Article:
This month marks the 52nd year since Chicago’s Division Street riots of 1966. In conjunction with this anniversary, DePaul Special Collections and Archives is proud to announce a soon-to-be-available collection related to the June 12-14 events and the West Town community of that time. The Janet Nolan Ethnographic Research on Puerto Ricans in Chicago collection features over 3500 pages of ethnographic notes and transcribed interviews of West Town residents from April 1966 through July 1967. These typed notes on onionskin paper document the experiences of people living in poverty during this contentious time.
In a 1967 report to John Cardinal Cody, Janet Nolan (then Janet Parmalee, a Catholic nun from the Maryknoll Sisters of St. Dominic) described her assignment as “conducting research under the auspices of the University of Notre Dame for [President Lyndon Johnson’s] War on Poverty.” Janet set up an “information center” on Evergreen Avenue where local residents could receive help finding needed resources such as health care and employment, and find interpreters who would accompany people to appointments at schools, courts, hospitals, etc. These recorded interactions deal with numerous topics such as poverty, health care, gender roles, housing, employment, and policing. Members of the Latin Kings used the center as a hangout – many of their experiences and histories are recorded as well. Also, the Division Street riots occurred shortly after the center opened, so many accounts were taken of the events surrounding a policeman shooting a Puerto Rican man and the subsequent clash between the community and police.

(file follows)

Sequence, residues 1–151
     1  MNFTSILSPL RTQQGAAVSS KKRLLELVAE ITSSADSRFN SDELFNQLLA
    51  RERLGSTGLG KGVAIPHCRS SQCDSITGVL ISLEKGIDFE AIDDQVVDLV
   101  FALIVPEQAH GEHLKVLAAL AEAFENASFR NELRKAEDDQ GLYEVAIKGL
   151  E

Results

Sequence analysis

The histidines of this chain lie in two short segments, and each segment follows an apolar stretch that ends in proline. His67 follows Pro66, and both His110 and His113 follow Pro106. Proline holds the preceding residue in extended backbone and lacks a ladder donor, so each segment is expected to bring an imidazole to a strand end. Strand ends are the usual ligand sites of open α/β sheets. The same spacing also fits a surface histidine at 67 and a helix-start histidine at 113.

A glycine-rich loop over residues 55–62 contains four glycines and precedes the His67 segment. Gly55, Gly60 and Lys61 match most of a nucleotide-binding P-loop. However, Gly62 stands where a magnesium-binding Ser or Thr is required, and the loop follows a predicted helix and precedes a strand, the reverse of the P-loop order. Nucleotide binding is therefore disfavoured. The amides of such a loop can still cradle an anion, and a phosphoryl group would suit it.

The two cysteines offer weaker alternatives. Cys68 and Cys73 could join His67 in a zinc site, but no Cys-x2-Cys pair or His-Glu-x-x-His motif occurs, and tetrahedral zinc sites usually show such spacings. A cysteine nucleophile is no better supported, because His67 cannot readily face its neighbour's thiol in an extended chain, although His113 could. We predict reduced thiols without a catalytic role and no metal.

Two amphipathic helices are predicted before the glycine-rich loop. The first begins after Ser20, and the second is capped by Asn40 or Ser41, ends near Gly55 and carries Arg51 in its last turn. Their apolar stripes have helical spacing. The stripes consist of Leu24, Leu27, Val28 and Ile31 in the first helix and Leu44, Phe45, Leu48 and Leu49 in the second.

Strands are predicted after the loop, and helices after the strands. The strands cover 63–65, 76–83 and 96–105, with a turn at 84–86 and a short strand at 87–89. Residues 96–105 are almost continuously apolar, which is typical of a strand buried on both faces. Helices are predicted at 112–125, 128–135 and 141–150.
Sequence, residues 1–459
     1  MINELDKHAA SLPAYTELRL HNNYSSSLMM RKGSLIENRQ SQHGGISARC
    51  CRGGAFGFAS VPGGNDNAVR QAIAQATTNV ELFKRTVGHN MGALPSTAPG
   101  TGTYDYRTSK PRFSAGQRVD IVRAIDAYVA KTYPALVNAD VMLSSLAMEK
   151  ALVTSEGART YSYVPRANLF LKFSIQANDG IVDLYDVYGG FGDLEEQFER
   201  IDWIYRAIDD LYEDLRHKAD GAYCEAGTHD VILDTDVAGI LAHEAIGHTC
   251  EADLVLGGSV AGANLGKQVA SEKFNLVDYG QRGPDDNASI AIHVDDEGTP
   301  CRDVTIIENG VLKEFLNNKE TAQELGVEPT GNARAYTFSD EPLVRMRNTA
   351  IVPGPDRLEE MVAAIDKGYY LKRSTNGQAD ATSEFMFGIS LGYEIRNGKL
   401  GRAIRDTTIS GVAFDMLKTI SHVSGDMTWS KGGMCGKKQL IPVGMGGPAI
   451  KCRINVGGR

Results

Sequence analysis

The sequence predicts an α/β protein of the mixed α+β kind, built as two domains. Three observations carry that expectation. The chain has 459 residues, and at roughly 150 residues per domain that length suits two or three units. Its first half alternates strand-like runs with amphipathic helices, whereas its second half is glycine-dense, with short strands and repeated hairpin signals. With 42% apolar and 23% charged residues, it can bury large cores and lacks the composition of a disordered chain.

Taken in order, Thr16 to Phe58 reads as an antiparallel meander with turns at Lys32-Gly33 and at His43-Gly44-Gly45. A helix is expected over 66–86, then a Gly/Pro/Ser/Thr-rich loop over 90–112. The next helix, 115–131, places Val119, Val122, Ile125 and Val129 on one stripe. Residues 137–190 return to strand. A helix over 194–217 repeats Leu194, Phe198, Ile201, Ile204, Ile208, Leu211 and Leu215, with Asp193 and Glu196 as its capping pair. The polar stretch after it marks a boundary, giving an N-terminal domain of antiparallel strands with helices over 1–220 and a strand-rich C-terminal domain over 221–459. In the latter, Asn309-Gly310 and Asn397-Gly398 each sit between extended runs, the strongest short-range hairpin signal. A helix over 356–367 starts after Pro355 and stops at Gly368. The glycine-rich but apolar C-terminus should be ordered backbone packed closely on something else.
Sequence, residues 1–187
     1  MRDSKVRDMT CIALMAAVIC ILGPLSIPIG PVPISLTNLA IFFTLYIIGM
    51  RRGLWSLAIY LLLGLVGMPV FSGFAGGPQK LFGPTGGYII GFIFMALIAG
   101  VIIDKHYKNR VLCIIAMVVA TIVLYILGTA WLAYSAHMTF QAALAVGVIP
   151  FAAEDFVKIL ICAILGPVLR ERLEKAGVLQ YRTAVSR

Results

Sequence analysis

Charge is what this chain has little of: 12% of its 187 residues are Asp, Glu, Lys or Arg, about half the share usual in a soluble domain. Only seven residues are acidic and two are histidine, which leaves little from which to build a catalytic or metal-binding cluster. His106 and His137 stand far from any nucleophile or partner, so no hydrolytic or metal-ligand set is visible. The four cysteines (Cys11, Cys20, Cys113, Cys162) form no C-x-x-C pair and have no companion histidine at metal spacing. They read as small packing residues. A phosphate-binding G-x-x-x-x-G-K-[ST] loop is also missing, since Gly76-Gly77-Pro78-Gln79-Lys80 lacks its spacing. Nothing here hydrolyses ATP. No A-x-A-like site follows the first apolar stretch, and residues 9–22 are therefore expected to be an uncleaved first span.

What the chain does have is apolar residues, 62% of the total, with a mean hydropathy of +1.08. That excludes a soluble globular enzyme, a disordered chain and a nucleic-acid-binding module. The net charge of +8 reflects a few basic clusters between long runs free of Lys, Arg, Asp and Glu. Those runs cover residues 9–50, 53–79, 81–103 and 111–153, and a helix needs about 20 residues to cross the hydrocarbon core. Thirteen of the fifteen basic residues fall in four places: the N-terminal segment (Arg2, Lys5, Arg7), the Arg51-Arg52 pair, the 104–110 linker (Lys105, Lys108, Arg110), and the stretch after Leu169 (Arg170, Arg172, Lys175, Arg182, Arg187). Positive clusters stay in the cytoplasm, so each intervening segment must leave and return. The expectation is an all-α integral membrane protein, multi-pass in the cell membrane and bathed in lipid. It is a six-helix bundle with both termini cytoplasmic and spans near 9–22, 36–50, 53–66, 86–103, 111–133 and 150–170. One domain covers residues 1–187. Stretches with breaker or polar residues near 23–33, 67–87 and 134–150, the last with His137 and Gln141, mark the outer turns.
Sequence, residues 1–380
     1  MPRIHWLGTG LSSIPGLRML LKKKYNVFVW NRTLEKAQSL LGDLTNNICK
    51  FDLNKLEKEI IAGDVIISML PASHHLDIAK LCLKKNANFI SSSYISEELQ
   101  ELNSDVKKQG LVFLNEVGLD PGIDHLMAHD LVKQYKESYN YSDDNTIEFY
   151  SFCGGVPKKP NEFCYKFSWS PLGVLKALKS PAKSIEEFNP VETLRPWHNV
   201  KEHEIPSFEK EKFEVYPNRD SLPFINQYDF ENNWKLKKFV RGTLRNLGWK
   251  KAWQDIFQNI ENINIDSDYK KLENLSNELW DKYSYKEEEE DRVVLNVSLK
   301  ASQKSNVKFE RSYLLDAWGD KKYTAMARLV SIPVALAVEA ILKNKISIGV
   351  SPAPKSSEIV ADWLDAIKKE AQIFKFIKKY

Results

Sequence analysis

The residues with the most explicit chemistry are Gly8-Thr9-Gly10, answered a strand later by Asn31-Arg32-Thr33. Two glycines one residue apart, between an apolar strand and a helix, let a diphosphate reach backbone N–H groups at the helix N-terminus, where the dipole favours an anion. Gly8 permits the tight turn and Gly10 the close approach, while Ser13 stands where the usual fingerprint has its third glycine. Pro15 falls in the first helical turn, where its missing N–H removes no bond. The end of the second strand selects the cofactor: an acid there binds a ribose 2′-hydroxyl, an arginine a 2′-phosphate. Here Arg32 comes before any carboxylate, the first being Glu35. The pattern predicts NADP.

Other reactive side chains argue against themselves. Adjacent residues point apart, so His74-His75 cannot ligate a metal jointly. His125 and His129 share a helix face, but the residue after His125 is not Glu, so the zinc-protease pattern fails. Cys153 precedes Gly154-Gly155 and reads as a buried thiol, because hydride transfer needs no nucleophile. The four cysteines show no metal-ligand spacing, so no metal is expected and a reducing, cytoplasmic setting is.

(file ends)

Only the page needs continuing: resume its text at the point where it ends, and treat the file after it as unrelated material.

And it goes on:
Because the Janet Nolan Ethnographic Research on Puerto Ricans in Chicago collection features personal information about the lives of the people being profiled, the papers will primarily be available to researchers in the form of redacted PDF files. Researcher Michael Staudenmaier created the original PDFs from Janet’s papers for his own dissertation research. Understanding the importance of sharing these documents more widely, he ultimately connected Janet and DePaul which led to the donation of her papers. Anyone interested in viewing the collection at this time is welcome to contact Special Collections for further information.